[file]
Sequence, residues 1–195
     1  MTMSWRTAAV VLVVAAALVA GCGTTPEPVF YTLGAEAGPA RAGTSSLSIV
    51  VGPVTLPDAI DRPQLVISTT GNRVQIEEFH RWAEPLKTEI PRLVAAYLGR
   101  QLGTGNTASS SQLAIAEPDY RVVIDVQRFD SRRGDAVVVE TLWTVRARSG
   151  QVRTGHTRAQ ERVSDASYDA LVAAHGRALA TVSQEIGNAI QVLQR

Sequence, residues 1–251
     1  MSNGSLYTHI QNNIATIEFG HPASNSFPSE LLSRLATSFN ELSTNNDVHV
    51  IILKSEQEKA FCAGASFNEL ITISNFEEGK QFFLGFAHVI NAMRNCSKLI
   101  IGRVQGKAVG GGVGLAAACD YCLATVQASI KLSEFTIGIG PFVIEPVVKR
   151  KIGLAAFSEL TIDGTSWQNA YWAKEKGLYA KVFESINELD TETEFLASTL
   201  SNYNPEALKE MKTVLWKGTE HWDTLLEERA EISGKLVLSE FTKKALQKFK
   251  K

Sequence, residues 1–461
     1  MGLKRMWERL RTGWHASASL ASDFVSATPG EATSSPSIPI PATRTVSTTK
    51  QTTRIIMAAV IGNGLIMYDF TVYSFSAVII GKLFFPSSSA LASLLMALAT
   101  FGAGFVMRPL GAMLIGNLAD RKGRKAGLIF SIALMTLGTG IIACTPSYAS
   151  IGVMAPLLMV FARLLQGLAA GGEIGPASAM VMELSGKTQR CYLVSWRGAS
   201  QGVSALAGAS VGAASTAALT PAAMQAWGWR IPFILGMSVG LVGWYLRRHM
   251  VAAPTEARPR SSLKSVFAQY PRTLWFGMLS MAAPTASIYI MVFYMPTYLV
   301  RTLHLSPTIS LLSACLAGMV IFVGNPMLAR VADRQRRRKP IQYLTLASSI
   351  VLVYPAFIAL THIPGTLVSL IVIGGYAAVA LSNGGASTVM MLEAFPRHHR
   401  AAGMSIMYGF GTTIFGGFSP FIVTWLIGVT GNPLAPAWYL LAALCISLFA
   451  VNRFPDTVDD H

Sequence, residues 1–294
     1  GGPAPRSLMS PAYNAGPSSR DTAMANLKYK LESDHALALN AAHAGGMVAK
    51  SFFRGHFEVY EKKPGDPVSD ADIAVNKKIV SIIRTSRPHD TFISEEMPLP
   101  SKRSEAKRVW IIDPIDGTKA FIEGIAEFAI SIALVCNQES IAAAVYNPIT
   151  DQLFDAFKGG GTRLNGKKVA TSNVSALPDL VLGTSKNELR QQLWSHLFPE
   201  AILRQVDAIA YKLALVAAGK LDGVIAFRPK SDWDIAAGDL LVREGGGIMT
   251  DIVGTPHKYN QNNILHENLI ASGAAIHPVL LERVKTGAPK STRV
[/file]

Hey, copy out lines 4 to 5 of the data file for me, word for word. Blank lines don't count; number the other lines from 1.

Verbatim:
   101  QLGTGNTASS SQLAIAEPDY RVVIDVQRFD SRRGDAVVVE TLWTVRARSG
   151  QVRTGHTRAQ ERVSDASYDA LVAAHGRALA TVSQEIGNAI QVLQR